Pediatric oncology as a Learning Health System: Ethical implications for best available treatment protocols
Introduction Pediatric oncology is often considered as a field in which research and care are highly integrated. We believe that this integration can be seen as a so‐called Learning Health System, a system in which research is considered an important means to continuously improve the practice of care. In order to substantiate our assumption of pediatric oncology as an LHS, we will analyze so‐called “best available treatment protocols.” These protocols always contain research elements, even if themain goal of these protocols is to treat children diagnosed with cancer.
Methods We will analyze the implications for ethical review and informed consent if these protocols had to function as exponents of pediatric oncology an LHS.
Results An analysis of best available treatment protocols teaches us how these protocols integrate care and research and how these protocols can be seen as exponents of a system where care and research need no longer be sharply distinct practices.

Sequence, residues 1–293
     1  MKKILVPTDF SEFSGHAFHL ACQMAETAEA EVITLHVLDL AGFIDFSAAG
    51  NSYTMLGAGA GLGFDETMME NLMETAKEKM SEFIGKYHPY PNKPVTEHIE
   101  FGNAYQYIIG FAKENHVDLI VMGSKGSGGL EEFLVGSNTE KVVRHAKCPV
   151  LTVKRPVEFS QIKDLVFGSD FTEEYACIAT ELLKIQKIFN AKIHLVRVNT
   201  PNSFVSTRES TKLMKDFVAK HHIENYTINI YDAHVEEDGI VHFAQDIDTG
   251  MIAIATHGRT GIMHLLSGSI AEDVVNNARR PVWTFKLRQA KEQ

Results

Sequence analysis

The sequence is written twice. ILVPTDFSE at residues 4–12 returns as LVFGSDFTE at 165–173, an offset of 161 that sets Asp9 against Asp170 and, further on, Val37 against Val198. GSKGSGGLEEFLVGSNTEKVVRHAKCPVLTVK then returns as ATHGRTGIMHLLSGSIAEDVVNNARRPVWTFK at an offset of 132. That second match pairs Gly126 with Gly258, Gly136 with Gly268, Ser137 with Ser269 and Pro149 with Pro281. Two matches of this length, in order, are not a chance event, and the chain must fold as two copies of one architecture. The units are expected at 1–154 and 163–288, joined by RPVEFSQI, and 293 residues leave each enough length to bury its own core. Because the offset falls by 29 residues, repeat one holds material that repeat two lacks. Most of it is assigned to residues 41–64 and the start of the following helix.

Discussion Further intervention in the field of pediatric oncology is essential to also meet the requirements for an ethically responsible LHS.
Conclusion Best available treatment protocols, which combine research and care, can be seen as examples of pediatric oncology as an LHS. However, in order to prevent that research elements in these protocols will be overlooked, we will have to find new ways to accommodate for the oversight of these protocols, such as multifaceted review and risk‐adapted approaches. Moreover, informed consent process must be changed in order for patients to understand how care and research are integrated in these protocols.
|Persistent URL||dx.doi.org/10.1002/lrh2.10052, hdl.handle.net/1765/114508|
|Journal||Learning Health Systems|
Graaf, J.R.A., Dekking, S.A., de Vries, M.C, Zwaan, C.M, & van Delden, J.J.M. (2018). Pediatric oncology as a Learning Health System: Ethical implications for best available treatment protocols. Learning Health Systems, 2(2). doi:10.1002/lrh2.10052